CORVALLIS, Ore. – Researchers have solved one of the significant remaining challenges with photonic “metamaterials,” discovering a way to prevent the loss of light as it passes through these materials, and opening the door to many important new optical, electronic and communication technologies.
The advance, made by scientists from Oregon State University and Norfolk State University, was just published in Physical Review Letters, a professional journal.
“The ability to compensate for optical loss is a very large step forward for the whole field of active plasmonics,” said Viktor Podolskiy, an OSU assistant professor of physics. “Some of the most important potential applications in this field have been held back by this problem.”
These “metamaterials,” which gain their properties from their structure rather than directly from their composition, have been seen as a key to a possible “super lens” that would have an extraordinary level of resolution and be able to “see” things the size of a nanometer – a human hair is 100,000 nanometers wide.
They could also be important in machine visions systems, electronics manufacturing, computers limited only by the speed of light, and a range of new communications concepts. A “cloaking device” to hide objects, although not exactly of the type made famous by Star Trek, is also a possibility.
“This is a significant breakthrough,” said Mikhail Noginov, professor in the Department of Physics and the Center for Materials Research at Norfolk State University in Norfolk, Va. “Many of the fantastic possible applications of these materials have been largely prevented by the obstacle of the absorption loss. That’s a big problem that we should now be able to work past.”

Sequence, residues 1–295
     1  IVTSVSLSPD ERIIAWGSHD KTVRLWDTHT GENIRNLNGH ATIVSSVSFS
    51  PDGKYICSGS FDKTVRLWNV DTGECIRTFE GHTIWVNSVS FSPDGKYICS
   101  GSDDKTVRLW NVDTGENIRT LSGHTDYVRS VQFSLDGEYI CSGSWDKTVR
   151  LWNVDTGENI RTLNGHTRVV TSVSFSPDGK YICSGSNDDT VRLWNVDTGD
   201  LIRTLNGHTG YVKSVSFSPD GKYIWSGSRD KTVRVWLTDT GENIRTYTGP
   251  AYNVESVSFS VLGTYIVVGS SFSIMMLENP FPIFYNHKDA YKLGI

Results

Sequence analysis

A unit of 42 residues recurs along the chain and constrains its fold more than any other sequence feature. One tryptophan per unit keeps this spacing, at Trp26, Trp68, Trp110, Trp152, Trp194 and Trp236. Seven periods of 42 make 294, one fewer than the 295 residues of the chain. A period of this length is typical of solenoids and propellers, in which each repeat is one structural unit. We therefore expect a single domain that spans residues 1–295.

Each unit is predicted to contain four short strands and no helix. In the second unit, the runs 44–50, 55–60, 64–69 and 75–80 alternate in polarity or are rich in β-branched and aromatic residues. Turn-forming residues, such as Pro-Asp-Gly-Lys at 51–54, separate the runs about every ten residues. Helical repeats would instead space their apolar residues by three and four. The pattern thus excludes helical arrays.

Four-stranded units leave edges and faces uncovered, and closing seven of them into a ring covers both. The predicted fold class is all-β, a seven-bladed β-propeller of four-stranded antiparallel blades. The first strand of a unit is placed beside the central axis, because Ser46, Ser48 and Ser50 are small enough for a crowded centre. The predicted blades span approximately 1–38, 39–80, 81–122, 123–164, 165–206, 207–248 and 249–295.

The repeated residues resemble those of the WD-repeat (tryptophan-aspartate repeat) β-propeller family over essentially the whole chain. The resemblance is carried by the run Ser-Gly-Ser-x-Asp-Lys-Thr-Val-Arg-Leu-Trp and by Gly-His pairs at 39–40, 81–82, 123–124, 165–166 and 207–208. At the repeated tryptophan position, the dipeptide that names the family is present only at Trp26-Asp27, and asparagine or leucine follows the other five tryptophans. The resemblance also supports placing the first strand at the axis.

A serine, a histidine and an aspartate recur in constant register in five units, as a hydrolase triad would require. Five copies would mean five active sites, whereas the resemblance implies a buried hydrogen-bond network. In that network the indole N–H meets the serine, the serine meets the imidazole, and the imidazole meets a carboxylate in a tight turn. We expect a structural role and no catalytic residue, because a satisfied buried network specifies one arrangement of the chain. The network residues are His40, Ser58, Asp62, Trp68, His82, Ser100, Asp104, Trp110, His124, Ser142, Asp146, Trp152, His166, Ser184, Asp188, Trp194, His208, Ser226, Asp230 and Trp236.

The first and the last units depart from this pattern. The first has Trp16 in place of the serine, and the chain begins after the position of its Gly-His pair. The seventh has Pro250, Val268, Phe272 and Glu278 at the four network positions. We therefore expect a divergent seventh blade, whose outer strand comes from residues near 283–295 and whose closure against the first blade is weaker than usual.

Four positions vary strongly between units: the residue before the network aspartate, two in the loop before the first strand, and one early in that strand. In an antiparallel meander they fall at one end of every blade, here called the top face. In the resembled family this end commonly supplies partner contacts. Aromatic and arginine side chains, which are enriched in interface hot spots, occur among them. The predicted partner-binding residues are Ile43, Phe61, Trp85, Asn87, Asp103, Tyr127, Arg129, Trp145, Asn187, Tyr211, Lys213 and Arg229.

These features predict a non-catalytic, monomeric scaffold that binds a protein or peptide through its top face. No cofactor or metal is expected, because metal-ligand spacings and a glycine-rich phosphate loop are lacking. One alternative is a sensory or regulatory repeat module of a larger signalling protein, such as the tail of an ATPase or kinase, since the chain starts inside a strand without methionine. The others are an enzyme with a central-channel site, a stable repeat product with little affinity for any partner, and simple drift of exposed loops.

Photonic metamaterials are engineered composite materials with unique electromagnetic properties, and have attracted significant research interest in recent years due to their potential to create “negative index” materials that bend light the opposite way of anything found in the natural world. But their performance has been significantly limited by the absorption of light by metals that are part of their composition – metal might absorb much more than 50 percent of the light shined on it, and drastically reduce the performance of devices based on these materials.
The solution to this problem, researchers discovered, is to offset this lost light by adding an optical “gain” to a dielectric adjacent to the metal. The new publication outlines how to successfully do that, and demonstrates the ability to completely compensate for lost light. It had been theorized that this might be possible, the researchers said, but it had never before been done, and the theories themselves were the subject of much scientific debate.
As such, this may have removed a final roadblock and now made possible “a number of dreamed about applications,” Podolskiy said.
“Our work proves that the compensation of surface plasmon polariton loss by gain is indeed possible, opening the road for many practical applications of nanoplasmonics and metamaterials,” the researchers wrote in their study. “Besides resolving of the fundamental limitations of modern nanoplasmonics, the observed phenomenon adds a new emission source to the toolbox of active optical metamaterials.”